WASHINGTON — The U.S. Army said it verified that military services and international forces participating in Project Convergence this year can exchange information and connect over long distances, a critical milestone ahead of the capstone experiment this fall.

The Army on June 3 said a communications exercise known as COMMEX 1B was a success, replicating and informing the scale and scenarios of Project Convergence in far-flung laboratory and field settings.

The testing included more than 50 technologies, according to the Army, and stretched from the Combined Joint Systems Integration Laboratory at Aberdeen Proving Ground in Maryland and Fort Bliss in Texas to the U.K. and Australia. Lt. Col. Nate Saul, a Project Convergence planner, in a statement described the testing as “the most distributed COMMEX we’ve done yet.”

This year’s Project Convergence, often referred to as PC 22, will be the first to actively involve international partners; the U.K. and Australia will participate in the grand experiment, while Canada and others observe. Project Convergence is the Army’s contribution to Joint All-Domain Command and Control, or JADC2, the yet-to-be achieved ability of seamless information sharing regardless of service or national affiliation.

“The fourth industrial revolution is changing the nature of warfare, and it will become really well connected, with data flowing across all the different functions,” Brigadier Stefan Crossfield, the British Army’s chief data officer and head of information exploitation, said in a statement. “If we can build up a pervasive network that we can use to fight with, then it opens up all other opportunities. It’s challenging technically, that’s for sure, and this is an example of how we go after that.”

The annual Project Convergence kicked off in 2020 at Yuma Proving Ground in Arizona. It has expanded each year, putting cutting-edge tech to the test and folding in new players. PC 22 will focus on the Indo-Pacific and European theaters, aligning with U.S. perceptions of complex Chinese and Russian threats. Russia began massing materiel on its border with Ukraine as the previous Project Convergence, PC 21, wrapped.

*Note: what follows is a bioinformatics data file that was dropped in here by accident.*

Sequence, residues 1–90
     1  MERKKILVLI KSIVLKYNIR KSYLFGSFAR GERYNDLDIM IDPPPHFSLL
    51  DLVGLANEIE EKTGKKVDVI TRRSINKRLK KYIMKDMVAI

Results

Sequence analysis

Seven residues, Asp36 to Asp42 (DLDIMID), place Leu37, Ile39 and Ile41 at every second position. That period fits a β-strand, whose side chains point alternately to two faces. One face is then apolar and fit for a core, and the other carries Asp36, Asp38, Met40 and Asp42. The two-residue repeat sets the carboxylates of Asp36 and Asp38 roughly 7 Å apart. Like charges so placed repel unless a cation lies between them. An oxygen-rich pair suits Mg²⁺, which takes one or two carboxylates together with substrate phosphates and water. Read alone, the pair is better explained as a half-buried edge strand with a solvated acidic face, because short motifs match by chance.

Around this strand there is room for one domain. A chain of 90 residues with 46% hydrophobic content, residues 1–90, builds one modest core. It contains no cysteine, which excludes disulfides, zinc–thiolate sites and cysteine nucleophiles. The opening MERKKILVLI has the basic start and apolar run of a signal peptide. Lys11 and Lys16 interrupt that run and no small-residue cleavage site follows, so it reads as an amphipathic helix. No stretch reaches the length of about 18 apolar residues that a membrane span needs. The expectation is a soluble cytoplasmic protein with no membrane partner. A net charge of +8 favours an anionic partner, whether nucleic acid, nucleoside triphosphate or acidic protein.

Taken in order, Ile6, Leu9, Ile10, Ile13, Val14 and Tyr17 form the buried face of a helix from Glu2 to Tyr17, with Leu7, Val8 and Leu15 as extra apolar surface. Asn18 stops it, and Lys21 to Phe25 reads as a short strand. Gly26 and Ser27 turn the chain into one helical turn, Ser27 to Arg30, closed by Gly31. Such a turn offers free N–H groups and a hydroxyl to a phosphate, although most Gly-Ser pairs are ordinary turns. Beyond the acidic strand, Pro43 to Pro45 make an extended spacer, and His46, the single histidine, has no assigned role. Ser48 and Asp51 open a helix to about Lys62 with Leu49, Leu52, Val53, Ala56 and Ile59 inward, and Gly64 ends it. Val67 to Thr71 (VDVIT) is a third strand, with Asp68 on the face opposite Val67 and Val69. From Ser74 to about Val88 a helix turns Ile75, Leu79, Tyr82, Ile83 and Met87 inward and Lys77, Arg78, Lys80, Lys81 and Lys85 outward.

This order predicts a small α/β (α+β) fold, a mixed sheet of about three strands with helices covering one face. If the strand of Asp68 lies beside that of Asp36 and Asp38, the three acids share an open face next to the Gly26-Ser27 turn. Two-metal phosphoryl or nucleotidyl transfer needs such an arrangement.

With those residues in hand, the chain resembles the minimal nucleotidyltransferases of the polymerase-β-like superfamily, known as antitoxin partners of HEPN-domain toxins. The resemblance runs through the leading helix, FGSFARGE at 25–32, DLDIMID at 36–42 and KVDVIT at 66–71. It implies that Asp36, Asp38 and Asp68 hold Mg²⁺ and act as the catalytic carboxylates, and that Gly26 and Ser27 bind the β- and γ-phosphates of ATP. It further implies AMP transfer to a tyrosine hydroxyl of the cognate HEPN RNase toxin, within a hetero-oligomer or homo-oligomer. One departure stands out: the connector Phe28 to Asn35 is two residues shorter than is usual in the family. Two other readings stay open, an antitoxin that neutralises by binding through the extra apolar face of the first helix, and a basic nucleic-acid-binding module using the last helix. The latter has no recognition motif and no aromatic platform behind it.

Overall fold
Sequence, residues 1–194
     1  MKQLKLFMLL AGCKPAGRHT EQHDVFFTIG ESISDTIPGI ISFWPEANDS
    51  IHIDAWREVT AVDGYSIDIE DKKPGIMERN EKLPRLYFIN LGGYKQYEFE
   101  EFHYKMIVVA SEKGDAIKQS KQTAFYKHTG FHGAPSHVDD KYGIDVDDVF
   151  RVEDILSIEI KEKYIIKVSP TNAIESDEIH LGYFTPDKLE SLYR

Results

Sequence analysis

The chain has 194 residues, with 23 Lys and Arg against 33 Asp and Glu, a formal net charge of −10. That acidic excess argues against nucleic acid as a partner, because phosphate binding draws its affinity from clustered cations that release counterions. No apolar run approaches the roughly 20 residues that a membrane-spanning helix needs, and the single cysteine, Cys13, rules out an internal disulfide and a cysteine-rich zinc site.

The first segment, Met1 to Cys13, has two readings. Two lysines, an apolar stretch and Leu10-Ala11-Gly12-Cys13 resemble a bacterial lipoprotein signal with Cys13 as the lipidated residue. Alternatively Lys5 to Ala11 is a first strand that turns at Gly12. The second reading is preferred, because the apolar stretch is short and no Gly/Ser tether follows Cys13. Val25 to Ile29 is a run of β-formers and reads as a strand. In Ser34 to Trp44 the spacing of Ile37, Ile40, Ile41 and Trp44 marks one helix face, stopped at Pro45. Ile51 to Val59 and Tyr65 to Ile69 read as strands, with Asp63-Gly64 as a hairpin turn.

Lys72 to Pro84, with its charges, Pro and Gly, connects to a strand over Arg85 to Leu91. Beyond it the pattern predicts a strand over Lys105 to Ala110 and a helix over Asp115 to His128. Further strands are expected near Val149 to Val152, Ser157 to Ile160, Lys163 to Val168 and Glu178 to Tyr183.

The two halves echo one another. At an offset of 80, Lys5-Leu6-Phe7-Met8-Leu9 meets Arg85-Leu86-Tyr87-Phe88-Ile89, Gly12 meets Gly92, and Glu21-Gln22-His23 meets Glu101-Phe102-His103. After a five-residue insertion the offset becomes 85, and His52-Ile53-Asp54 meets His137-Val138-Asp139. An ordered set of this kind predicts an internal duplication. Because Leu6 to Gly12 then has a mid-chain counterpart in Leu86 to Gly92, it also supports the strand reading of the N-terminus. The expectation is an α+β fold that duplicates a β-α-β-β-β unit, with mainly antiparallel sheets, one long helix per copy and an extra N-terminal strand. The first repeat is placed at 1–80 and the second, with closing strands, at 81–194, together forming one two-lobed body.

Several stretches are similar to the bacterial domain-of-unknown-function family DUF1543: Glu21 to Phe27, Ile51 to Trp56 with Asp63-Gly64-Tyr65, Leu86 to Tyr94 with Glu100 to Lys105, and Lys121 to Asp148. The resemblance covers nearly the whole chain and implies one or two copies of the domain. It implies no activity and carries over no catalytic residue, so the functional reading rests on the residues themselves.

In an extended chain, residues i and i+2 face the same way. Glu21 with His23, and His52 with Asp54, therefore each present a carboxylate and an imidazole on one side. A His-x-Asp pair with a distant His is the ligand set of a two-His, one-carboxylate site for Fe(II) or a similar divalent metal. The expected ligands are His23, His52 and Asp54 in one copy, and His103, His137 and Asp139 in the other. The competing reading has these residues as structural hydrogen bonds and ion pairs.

Officials expect PC 22 to generate actionable insights and guidance. Upgrading networks and expanding the reach and resilience of communication is one of six modernization priorities established by Army leadership.

Brig. Gen. Jeth Rey, the director of Army Future Command’s Network Cross-Functional Team, last month said plenty of lessons will be learned, especially when it comes to sharing data with joint and coalition partners.

Colin Demarest is a reporter at C4ISRNET, where he covers military networks, cyber and IT. Colin previously covered the Department of Energy and its NNSA — namely Cold War cleanup and nuclear weapons development — for a daily newspaper in South Carolina. Colin is also an award-winning photographer.

Share:
More In Network Security
US must prepare for proliferation of cyber warfare
To build cyber resilience in this heightened threat environment, agencies must work closely with both international counterparts and industry to align on a proactive, global approach to all cyber threats –– not just state-sponsored attacks.